Much of what has been accomplished from the U.S. side has been a result of the U.S. military's carrying out the spirit of President Bush's desires for creating a fundamental shift in U.S. and India relations articulated shortly after he took office. On the Indian side, there has been a tremendous effort to look to expand areas of mutual benefit, to look for partnerships, not antagonisms, and to look for regional collaboration. India's service chiefs have translated this positive direction into a coordinated program of military engagement priorities with the U.S. In sum, military cooperation across the board has seen dramatic improvements in the number and quality of training exercises, seminars, personnel exchanges, senior visits, functional visits, unit and ship visits, subject matter expert exchanges, organizational and agency relationships, technology cooperation, and defense sales.

Military Exercises

Let me highlight just a few examples of this growing relationship. During exercises in Agra in 2002, Indian and American Special Forces paratroopers jumped from Indian and U.S. Air Force aircraft to learn about each other's formation flying techniques and to coordinate dropping ground support cargo. While Special Forces operations are often the stuff of classified information, they are important measures of our cooperation because they also showcase the cutting edge of interoperability, especially as both armies gear up to tackle terrorists and guerrilla and clandestine warfare. Over the past few years, joint exercises in this area have included heliborne operations, counter-terrorism training, mountain warfare, close-quarter combat and jungle warfare. The new age of combat, many believe, will require greater skills in special operations, an area of increasing ties between our two militaries.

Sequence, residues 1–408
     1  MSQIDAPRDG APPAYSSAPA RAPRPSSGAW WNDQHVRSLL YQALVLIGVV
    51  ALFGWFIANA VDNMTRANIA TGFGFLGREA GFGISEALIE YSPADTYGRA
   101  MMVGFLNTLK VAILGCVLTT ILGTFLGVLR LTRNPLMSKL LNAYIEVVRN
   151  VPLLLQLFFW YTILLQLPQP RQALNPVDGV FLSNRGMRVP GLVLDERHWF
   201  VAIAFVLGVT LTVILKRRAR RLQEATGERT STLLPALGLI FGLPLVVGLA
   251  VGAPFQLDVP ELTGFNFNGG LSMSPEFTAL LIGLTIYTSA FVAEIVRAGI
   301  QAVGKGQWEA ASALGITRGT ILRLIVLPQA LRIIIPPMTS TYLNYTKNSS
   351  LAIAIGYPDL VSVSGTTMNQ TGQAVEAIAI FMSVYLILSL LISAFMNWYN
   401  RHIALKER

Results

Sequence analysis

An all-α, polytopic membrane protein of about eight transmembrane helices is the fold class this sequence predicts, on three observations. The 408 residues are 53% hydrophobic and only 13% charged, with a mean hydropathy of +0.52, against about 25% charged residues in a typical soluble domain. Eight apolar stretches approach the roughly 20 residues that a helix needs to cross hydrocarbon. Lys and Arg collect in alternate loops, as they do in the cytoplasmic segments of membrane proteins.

On the Navy side, the Indian Navy ships Sharda and Sukanya relieved the USS Cowpens to escort ships in the Straits of Malacca and to protect them against terrorist attacks and pirates on the high seas during Operation Enduring Freedom in April of 2002. This was followed by several joint search and rescue exercises as well as the "Malabar" exercises in the Arabian Sea, which involved ships and helicopters of both countries intercepting suspicious vessels, using antisubmarine warfare, and completing complicated flying operations.